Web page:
The Last of Us preview

By Andrew Yoon, May 17, 2012 9:00am PDT

The Last of Us shocked the gaming community when it made its surprise debut at the VGAs late last year. Having just shipped Uncharted 3, no one expected developer Naughty Dog to have another game in the works so soon. The home of Nathan Drake was no longer a one game studio, it was revealed. After the end of Uncharted 2, the studio split into two.

Ever since its reveal, The Last of Us has been shrouded in some mystery. While the developers have talked up many of the game's ambitious goals, little is known about how it actually plays. Finally seeing the game in action, it's easy to sum up Naughty Dog's latest as such: Uncharted in hardcore mode.

Anyone familiar with Uncharted will see the similarities immediately. For example, at the start of the demo, the game was paused during a cinematic. The menu is identical to that in Uncharted, giving you the ability to skip the cutscene. During gameplay, many elements of the HUD are ripped from Drake's adventure, including QTE prompts for opening gates, ammo indicators, aiming reticules, and more. At one moment in the demo, the player has to bash the circle button as he holds a gate open for Ellie to sneak under. It's a scene that's been ripped out of every Uncharted game ever.

For better or for worse, the similarities don't just stop there. While the tone is very different, The Last of Us is yet another cover-based third-person shooter. The aiming and cover mechanics should be more-than-familiar for anyone that's played one of Naughty Dog's recent games. However, there are key differences that will make you approach the gameplay differently. Ammo is very scarce, for example. At the start of the demo, Joel has four bullets in his gun--and won't really get much more at any given time. Encounters are a lot more deadly, as well. There's no regenerative health. Enemies go down in one or two bullets--meaning each bullet becomes a lot more valuable.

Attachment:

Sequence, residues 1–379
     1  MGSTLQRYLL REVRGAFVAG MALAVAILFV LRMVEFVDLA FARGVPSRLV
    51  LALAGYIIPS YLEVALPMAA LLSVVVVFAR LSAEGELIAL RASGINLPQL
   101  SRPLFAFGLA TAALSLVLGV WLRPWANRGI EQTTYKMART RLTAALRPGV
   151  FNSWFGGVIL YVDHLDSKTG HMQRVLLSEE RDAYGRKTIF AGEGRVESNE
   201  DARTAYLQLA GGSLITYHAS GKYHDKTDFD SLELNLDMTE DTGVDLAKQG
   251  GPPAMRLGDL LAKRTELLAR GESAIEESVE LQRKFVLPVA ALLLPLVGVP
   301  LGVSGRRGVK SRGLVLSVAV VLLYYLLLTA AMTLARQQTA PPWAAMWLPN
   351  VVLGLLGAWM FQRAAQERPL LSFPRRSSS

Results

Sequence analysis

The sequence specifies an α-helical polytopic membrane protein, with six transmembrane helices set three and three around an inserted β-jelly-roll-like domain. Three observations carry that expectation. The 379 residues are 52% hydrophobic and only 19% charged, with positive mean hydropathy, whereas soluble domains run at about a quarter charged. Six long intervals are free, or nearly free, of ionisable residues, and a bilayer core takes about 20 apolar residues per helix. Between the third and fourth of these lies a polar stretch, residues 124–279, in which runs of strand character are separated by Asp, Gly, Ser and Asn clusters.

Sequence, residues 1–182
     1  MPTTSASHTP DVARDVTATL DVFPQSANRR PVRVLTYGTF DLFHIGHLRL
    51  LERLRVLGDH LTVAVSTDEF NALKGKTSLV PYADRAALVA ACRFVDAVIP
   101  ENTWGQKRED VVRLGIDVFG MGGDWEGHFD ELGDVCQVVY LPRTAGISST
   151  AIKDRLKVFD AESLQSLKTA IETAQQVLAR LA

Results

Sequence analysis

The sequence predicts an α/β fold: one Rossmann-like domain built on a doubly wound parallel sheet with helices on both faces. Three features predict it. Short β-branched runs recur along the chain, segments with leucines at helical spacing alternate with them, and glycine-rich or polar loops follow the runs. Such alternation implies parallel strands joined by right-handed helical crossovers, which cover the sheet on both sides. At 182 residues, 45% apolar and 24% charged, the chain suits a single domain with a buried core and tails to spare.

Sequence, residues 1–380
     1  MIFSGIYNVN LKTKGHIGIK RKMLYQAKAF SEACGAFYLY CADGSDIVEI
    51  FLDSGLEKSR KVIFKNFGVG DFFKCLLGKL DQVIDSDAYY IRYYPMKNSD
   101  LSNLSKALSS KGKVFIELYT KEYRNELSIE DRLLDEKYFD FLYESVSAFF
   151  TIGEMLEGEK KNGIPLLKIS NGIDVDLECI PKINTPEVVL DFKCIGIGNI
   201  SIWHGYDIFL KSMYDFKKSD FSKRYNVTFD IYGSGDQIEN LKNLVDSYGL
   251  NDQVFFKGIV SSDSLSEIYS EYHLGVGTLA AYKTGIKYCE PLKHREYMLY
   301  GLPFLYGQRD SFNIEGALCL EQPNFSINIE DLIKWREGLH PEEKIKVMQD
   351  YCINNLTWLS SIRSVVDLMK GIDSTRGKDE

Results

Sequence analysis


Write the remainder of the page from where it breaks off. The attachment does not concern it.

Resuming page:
While it's a bit disappointing to see how rooted in Uncharted The Last of Us is, there's still plenty to get excited by. Naughty Dog's strengths in storytelling and performance are evident yet again in this post-apocalyptic universe. Joel and Ellie are far grittier and edgier than anything the swashbuckling adventure world of Nathan Drake can offer. Yes, there's cursing (and a lot of it). But, it's the odd commentary here and there--"I've seen much worse"--that make these characters feel worn. The dynamic between the two is fascinating to see play out in gameplay. While you are Ellie's "protector," she is clearly capable on her own. Not only does she manage to get out of the way of danger, but she finds opportunities to help out, throwing objects at enemies when you've managed to get cornered, without ammo.

Characters are especially chatty in The Last of Us, including the enemies. Encounters against other survivors--people who are equally as desperate for supplies as you--feel far more human than ones against nameless cronies and goons. They will taunt, they will flank, and most satisfyingly, they will run away when overwhelmed. After Joel manages to shoot a few guys, and stealthily kill a few others, one other remained. He ran away, and Joel called out, taunting him to come out of the shadows.

More so than in the Uncharted games, the environment feels like a character of its own. Unsurprisingly, The Last of Us is a beautiful game, and the lush overgrowth makes it one of the most technically impressive efforts on the PS3 ever. Walking through the ruins of Pittsburgh, the environment tells its own story. Stores that have been looted ages ago have long-dead bodies strewn about. What happened here? These carefully constructed sets invite players to simply look around and absorb.

Given how bombastic games are becoming--with more enemies and bigger explosions--I find myself very intrigued by the more intimate gameplay offered by The Last of Us. It may not be an entirely new and original experience, but Uncharted is certainly a great blueprint to jump off of. I'm definitely looking forward to more.


Watch the Shacknews E3 2012 page to follow all our coverage of this year's show. This preview is based on a hands-off demo shown at a pre-E3 event.

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